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News > Latin America

Impeachment of Ecuador's Jorge Glas 'Far From Finished'

  • Ecuadorean former Vice-President Jorge Glas attends trial for corruption in the ongoing Odebrecht scandal.

    Ecuadorean former Vice-President Jorge Glas attends trial for corruption in the ongoing Odebrecht scandal. | Photo: Reuters

Published 20 December 2017

While significant progress was made on Tuesday with the appointment of Judge Manuel Viter, the process still requires an inordinate amount of work to get underway.

Ecuador's Legislative Administrative Council (CAL) is taking steps to fast-track moves to have former Vice-President Jorge Glas impeached in the shortest possible time, according to reports, but one analyst warns the task will be difficult to complete.


Ecuador: Impeachment of VP Jorge Glas Begins

According to an article by Diego Puente in El Comercio, even if the process was completed in shortest possible time, it would take at least 28 days according to the rules established in the Organic Law of the Legislative Function and the Law of Jurisdictional Guarantees.

This estimate doesn't take into consideration that there is no fixed time for some stages of the impeachment proceedings, nor does it consider legal moves by Glas to have them delayed or even halted altogether.

Supporters of Jorge Glas during his trial for corruption involving Brazilian construction company Odebrecht, in Quito, Ecuador, December 13.

While significant progress was made Tuesday with the appointment of Judge Manuel Viteri, mandated to give a ruling on the constitutionality of the move by December 22, the process still requires an inordinate amount of work to get underway.

Roberto Gomez, from the Creo movement against the suspended vice-president, must present a case which will then be analysed to consider whether it falls in line with the parameters established in the constitution for impeachment.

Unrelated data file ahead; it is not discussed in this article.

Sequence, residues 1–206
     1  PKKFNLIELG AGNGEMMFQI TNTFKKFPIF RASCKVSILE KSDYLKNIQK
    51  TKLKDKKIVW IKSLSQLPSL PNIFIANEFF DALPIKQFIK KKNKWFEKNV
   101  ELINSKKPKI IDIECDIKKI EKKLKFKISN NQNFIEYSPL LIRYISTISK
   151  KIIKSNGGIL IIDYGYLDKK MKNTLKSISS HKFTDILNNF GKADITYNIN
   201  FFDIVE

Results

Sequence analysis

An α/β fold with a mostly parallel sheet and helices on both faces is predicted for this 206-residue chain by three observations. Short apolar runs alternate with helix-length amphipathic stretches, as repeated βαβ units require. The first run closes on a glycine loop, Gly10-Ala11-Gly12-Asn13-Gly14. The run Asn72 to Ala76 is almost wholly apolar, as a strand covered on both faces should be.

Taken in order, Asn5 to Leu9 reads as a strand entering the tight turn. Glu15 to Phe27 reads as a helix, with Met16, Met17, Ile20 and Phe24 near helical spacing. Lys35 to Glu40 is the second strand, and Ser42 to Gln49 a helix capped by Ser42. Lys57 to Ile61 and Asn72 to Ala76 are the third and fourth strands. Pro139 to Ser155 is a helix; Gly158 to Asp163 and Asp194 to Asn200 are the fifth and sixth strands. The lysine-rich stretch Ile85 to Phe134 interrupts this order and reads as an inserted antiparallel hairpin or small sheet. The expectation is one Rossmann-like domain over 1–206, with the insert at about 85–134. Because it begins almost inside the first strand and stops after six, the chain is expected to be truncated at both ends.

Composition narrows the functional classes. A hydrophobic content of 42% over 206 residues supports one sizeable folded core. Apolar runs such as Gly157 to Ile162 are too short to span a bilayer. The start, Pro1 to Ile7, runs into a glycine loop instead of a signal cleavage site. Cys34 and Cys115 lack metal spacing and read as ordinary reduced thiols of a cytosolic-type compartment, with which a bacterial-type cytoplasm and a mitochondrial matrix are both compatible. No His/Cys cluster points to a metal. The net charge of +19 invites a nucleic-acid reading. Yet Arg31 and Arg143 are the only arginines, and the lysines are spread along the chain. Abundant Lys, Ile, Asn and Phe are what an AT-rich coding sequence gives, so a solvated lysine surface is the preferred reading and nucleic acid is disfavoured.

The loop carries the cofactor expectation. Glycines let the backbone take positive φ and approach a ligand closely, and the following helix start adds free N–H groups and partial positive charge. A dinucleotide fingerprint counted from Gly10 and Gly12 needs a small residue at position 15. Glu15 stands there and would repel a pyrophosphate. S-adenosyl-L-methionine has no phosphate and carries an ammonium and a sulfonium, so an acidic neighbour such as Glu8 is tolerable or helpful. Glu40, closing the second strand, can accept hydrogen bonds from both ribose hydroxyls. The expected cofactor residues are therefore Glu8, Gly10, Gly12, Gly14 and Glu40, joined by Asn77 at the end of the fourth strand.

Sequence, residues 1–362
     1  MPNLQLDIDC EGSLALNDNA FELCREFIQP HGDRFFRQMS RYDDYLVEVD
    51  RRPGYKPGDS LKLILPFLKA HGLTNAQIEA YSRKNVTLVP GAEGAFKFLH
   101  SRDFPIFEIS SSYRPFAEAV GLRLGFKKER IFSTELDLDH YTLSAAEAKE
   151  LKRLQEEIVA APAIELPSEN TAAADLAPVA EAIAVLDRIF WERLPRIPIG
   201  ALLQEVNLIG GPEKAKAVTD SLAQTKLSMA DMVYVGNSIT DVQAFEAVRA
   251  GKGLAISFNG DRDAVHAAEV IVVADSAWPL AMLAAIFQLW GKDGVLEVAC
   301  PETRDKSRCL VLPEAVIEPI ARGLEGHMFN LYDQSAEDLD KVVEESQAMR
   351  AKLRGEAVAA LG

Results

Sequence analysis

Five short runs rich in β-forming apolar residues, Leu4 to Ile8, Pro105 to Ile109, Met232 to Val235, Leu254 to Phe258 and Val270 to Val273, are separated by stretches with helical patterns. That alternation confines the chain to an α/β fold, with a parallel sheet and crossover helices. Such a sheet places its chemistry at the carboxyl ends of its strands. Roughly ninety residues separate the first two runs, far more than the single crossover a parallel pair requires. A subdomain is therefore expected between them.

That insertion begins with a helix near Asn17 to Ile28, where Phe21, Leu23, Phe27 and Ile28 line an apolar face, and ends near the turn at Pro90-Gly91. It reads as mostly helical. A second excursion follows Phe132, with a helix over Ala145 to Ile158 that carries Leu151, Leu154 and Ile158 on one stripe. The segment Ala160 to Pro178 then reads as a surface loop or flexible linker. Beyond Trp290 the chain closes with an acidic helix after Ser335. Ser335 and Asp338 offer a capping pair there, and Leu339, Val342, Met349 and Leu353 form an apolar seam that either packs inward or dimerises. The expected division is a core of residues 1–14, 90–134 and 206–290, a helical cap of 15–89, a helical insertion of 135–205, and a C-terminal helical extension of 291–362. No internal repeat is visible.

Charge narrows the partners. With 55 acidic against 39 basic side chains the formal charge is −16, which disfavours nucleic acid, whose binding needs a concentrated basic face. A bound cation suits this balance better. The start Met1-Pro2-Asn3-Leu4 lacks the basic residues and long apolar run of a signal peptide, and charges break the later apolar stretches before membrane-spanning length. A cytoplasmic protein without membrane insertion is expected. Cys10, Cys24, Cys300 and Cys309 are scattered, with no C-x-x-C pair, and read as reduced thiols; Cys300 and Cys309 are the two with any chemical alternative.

After Viteri reviews and prepares the draft constitutional opinion of the trial request, the President of the Court will convene a plenary session within 24 hours.

The judgment from this meeting will be issued within 48 hours of the presentation of the project and must be approved by two-thirds of the members of the Plenary (at least six of nine votes). 

If the Constitutional Court issues a favorable opinion, President of the Assembly José Serrano will inform the Legislative Administration Council (CAL), for the start of processing, with the case being sent to the Supervisory Commission.

Glas has been in preventive detention since October. On January 2 he will meet the 90 days of imprisonment established by law, so in the first instance the case would opt to remove him for the abandonment of his position rather than impeachment, which would delay the process.

Glas was elected vice-president in the second electoral round last April, with President Lenin Moreno as leader of the left-wing Alianza País. 

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Reacting on Twitter last Wednesday, former president Rafael Correa denounced the sentence as condemning "an innocent." 

"A trial full of so many irregularities will have to go to the international bodies, but they already have their objective: to seize the vice presidency," Correa wrote.

"The same script as with Dilma, Lula, Cristina. It's all a matter of time, and our people will react."

Glas' defense counsel, Eduardo Franco Loor, has also announced that he will appeal the six-year sentence, which he described as "iniquitous" and "barbaric," insisting that his client will not resign.

"The temporary suspension of the sentence will be requested immediately, as established by the regulations so that the vice president can recover his freedom as soon as possible," Loor said. "Of course, he will continue as vice president of the country."

The sentence was handed down by Edgar Flores Mier, who granted Attorney General Carlos Baca's requested six-year jail sentence. Baca argued that "the prosecution has presented the evidence with which it based its trial, and now it is up to the judges to establish culpability or ratify innocence." 

Glas and his uncle Ricardo Rivera were two of nine people accused of criminal conduct in connection with the sprawling Latin American corruption case. Odebrecht has admitted paying US$788 million in bribes to officials in Panama, Colombia, Mexico, Brazil, Guatemala, Peru and the Dominican Republic.

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